This month, the bills came.

Harrison said, “One of the reasons I’m so frustrated is that I’ve been anticipating this for a year. I was like, ‘This is going to end up being a battle,’ and I’m just devastated that it is.”

Fan estimates that 60 to 70 students have been affected, based on who is showing up to organizing meetings. But there could be other students who haven’t yet realized they’re on the hook for out-of-state tuition, she said.

A spokesperson for the university said CUNY is working with the Graduate Center to “quickly resolve this situation.”

CUNY’s faculty union, the Professional Staff Congress, has been advocating for the graduate students, who are union members, as well. Harry Blain, vice chair of the CUNY Graduate Center chapter, said that “students are being punished for doing precisely what they were told to do. Travel during a pandemic -- especially before the emergence of vaccines -- was discouraged by CUNY, the Centers for Disease Control and Prevention, and all public health experts.”

After receiving many millions from the federal government in pandemic-related stimulus funds, Blain said, CUNY has “no excuse to delay any longer.”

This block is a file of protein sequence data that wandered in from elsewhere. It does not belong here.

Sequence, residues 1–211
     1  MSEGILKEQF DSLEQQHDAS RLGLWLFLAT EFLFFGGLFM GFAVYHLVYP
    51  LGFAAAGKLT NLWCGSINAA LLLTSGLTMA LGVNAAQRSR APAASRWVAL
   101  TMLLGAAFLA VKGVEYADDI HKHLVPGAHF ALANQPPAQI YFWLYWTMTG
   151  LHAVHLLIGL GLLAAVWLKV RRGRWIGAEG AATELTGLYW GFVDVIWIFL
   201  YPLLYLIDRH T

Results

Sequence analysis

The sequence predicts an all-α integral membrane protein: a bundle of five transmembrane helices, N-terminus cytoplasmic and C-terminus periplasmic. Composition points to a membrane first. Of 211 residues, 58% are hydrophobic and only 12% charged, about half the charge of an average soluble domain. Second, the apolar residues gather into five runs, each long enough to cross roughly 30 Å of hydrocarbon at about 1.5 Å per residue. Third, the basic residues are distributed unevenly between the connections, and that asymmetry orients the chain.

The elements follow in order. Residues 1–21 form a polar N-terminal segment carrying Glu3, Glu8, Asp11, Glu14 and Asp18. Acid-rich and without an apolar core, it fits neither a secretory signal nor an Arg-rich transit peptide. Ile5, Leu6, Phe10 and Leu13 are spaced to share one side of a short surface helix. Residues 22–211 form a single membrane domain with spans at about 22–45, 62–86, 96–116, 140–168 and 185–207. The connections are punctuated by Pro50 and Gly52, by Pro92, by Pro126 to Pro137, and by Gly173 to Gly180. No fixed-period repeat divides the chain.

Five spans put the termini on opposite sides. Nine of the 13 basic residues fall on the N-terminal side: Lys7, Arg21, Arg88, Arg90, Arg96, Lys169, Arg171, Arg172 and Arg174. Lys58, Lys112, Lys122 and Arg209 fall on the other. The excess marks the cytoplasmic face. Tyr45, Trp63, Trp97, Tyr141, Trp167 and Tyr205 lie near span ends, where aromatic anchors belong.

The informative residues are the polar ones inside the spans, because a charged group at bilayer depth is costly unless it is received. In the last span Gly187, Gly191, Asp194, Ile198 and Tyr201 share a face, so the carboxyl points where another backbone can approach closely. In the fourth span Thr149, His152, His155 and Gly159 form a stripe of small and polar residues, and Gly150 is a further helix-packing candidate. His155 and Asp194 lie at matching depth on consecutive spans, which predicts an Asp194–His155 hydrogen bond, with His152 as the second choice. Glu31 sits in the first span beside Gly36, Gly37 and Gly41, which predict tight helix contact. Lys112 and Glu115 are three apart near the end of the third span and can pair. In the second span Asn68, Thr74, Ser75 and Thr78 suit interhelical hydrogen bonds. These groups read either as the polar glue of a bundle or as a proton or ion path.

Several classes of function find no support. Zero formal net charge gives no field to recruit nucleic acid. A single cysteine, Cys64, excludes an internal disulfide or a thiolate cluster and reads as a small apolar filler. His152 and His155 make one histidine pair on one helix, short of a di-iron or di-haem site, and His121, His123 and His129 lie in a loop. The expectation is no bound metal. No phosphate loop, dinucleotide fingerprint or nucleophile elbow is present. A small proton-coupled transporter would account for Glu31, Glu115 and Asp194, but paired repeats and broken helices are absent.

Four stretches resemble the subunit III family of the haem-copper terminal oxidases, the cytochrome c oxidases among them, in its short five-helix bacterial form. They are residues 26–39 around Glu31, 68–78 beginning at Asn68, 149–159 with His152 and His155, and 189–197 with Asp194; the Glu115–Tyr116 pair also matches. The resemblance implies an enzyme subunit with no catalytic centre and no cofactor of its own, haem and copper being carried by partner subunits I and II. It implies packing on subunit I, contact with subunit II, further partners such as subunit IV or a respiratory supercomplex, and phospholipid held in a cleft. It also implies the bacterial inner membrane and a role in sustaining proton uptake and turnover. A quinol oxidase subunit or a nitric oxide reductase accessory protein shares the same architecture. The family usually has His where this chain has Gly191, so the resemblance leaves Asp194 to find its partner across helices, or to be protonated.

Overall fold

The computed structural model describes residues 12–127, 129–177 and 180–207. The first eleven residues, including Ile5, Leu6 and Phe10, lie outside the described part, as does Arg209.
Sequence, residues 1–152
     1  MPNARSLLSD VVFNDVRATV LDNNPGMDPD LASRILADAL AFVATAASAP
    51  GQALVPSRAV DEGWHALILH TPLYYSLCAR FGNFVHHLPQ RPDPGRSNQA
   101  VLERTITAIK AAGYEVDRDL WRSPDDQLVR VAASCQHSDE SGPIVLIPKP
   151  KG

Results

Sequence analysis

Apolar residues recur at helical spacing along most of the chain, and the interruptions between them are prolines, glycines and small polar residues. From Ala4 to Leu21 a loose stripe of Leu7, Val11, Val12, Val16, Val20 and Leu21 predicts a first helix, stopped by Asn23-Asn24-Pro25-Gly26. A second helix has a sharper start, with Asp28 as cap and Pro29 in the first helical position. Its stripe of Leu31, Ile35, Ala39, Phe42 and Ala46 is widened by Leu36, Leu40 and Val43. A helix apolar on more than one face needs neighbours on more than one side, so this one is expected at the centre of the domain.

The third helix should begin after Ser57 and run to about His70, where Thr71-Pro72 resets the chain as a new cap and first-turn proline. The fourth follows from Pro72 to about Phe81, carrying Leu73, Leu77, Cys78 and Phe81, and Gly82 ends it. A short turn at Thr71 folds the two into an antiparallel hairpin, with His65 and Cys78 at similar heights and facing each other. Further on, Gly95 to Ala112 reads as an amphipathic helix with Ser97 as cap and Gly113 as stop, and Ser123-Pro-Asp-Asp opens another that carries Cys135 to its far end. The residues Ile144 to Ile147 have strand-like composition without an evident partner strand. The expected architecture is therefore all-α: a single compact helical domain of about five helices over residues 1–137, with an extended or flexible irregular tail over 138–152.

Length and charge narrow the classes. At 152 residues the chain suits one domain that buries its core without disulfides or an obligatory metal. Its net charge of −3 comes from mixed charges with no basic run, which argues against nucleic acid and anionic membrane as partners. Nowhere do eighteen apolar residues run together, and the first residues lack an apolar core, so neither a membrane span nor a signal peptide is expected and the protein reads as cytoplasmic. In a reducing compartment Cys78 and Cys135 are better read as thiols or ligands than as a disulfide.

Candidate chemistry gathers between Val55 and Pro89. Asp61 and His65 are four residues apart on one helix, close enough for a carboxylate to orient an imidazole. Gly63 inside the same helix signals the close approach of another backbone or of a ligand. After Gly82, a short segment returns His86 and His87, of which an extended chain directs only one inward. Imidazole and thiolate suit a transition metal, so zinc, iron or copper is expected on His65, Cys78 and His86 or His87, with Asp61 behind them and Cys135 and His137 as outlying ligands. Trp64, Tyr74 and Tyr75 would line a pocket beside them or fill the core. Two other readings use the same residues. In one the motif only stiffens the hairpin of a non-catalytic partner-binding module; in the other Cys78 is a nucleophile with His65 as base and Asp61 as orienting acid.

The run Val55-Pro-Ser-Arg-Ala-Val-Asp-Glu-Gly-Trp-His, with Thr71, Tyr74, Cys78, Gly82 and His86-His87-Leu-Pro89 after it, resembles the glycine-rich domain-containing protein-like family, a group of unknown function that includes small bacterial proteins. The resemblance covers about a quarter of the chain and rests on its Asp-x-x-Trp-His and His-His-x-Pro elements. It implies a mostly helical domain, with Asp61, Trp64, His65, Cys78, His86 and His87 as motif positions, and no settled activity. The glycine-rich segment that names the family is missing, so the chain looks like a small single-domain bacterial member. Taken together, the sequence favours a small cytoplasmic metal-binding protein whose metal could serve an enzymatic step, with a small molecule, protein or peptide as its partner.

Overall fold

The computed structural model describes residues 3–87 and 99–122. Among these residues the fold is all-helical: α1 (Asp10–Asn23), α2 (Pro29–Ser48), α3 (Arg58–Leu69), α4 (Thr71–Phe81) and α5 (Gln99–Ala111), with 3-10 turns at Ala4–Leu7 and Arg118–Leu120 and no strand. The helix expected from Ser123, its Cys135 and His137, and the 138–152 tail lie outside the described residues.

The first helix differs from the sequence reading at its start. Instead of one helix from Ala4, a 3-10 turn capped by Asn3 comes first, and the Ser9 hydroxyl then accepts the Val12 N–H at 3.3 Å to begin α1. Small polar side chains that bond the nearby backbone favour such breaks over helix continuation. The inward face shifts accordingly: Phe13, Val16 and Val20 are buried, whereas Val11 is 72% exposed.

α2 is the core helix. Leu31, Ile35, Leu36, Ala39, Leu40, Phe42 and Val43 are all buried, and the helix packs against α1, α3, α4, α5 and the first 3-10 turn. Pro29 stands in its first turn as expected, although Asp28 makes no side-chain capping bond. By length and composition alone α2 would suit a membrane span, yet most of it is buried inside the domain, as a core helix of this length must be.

To that point, Harrison also compared the university’s silence around the Ph.D. issue to the recent rollout of the CUNY Comeback, a $125 million debt forgiveness program. Whereas the CUNY Comeback targets charges accumulated last year due to the pandemic, she said, it seems that these current changes -- also incurred due to the pandemic -- “need to be part of the conversation.”

Other institutions developed policies ahead of time to prevent this problem. The University of California system, for one, is temporarily allowing remote enrollment to count toward residency.

UC policy, last updated in June, says that eligible students must typically be physically present in California for a year prior to the residency determination date, and an absence of six weeks or more during that period disqualifies them from in-state status. But in response to the pandemic, the policy says, these guidelines were “temporarily amended to allow eligible students entering during the 2020-21 academic year to use remote instruction to stand in for physical presence.”

Eligible UC students who studied remotely last year may therefore be eligible to qualify for residency this academic year, “effective with the term in which they physically reside in California.”

Gwen Chodur, president of the University of California Graduate and Professional Council, said that not all graduate students are funded and that international students pay out-of-state fees until they pass their qualifying exams. But no graduate student has been subject to out-of-state tuition due to the pandemic, in particular, she said.

Harrison, at CUNY, said in the best-case scenario, in which the out-of-state charges are reversed, students have still been harmed. She spent a lot of her summer organizing, she said, instead of getting ahead on her work. Stress is a factor, too.

“It’s goofy,” she said, but “I feel like I’m on a reality TV show just trying not to get eliminated.”

Next Story

More from Faculty Issues